"It's hard for me, as a human being, to sign the death warrant, to be honest with you," Bush told NBC's "Meet the Press" in an interview that aired Sunday.
"I'm informed by my faith in many things, and this is one of them," he added. "So I have to admit that I'm conflicted about this. But here's the deal — this happens in rare cases where the death penalty's given out and you meet family members that have lost a loved one and it's still in their heart. It's etched in their soul. And this is the way that they get closure? I get more comfortable with it, to be honest with you."
Aides confirmed that this is the first time that Bush has expressed concerns about the death penalty as a presidential candidate. He has no current plans to introduce potential changes to the death penalty system — a move that would inject him into a growing, emotional national debate about criminal justice reforms.
On Capitol Hill, Democrats and Republicans are pushing for changes in the length of mandatory sentences for repeat drug offenders and the repeal of the federal “three strikes” mandatory life provision, among other changes. So far, the legislative proposals say nothing about the death penalty.
Despite adopting a "tough on crime" approach as governor that included strong support for the death penalty, Bush established a commission to explore the constitutionality and morality of the death penalty in his closing days as governor in 2006. The decision was prompted by the botched execution of convicted murderer Angel Diaz, who took 34 minutes to die after two doses of the lethal drugs used to kill inmates. The commission later proposed better training for executioners and changes in the chemicals used to kill convicted criminals. But legislation introduced to enact the proposals was later shelved.
On Friday, Florida executed Jerry Correll, a man convicted of fatally stabbing his ex-wife, young daughter and two in-laws. He was the 22nd inmate to be executed under Republican Gov. Rick Scott — surpassing the 21 inmates executed during Bush's two terms as governor from 1999 to 2007.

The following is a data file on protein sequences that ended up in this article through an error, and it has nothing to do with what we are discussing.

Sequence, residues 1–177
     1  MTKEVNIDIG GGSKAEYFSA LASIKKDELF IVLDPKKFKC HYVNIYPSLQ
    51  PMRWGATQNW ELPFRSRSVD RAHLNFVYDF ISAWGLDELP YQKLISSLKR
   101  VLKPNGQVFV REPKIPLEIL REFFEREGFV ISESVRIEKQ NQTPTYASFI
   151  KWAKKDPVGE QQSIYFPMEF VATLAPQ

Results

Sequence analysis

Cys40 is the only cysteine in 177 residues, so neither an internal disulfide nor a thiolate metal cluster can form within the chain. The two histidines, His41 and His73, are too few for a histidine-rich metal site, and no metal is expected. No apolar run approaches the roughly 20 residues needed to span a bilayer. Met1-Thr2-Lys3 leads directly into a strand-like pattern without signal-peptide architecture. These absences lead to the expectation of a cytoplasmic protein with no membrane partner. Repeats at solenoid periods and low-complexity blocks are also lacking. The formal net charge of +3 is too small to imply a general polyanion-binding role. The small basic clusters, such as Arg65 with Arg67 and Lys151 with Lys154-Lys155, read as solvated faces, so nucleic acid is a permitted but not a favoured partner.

In the interview, Bush told NBC's Chuck Todd that he now doubts that the punishment is a deterrent for crime.
"But we should reform it. If it's to be used as a deterrent, it has to be reformed," he said. "It can't take 25 years. That does no one any good. Neither the victims nor the state is solving this problem with that kind of tangled judicial process."
Concerns about the length of time the death penalty process takes dates to Bush's failed bid for Florida governor in 1994. In the closing weeks of the race against incumbent Democratic Gov. Lawton Chiles, Bush aired an ad accusing the governor of supporting criminals' rights and delaying the execution of a convicted murderer. Widely panned by Democrats and newspaper editorial boards as an inaccurate attack in poor taste, Bush later conceded that there was nothing Chiles could do to expedite the murderer's death sentence.
"I believe life is truly a gift from God, and innocent life particularly should be protected at all cost, for sure," Bush said in the interview. "But people that commit these crimes, justice can't be denied. And it shouldn't be delayed. And maybe there's a better way to do this where victims feel as though they're being served, because that should be front and center, the first obligation of the state."
The Supreme Court upheld the death penalty in June, despite the concerns of physicians worried about the cocktail of lethal drugs used to kill convicted inmates. Only nine countries in the world actively execute people, including Iran, Sudan and North Korea, according to an Amnesty International report.
Bush's comments come as he prepares to spend this week highlighting his work as Florida's governor. On Monday, he will campaign in Tampa, Orlando and Jacksonville to tout the release of a new e-book, "Reply All," that includes excerpts from the millions of e-mails he received during his eight years in office.
On Tuesday, Bush plans to campaign in South Carolina, before spending the rest of the week on a bus tour in New Hampshire, a must-win state for his faltering campaign.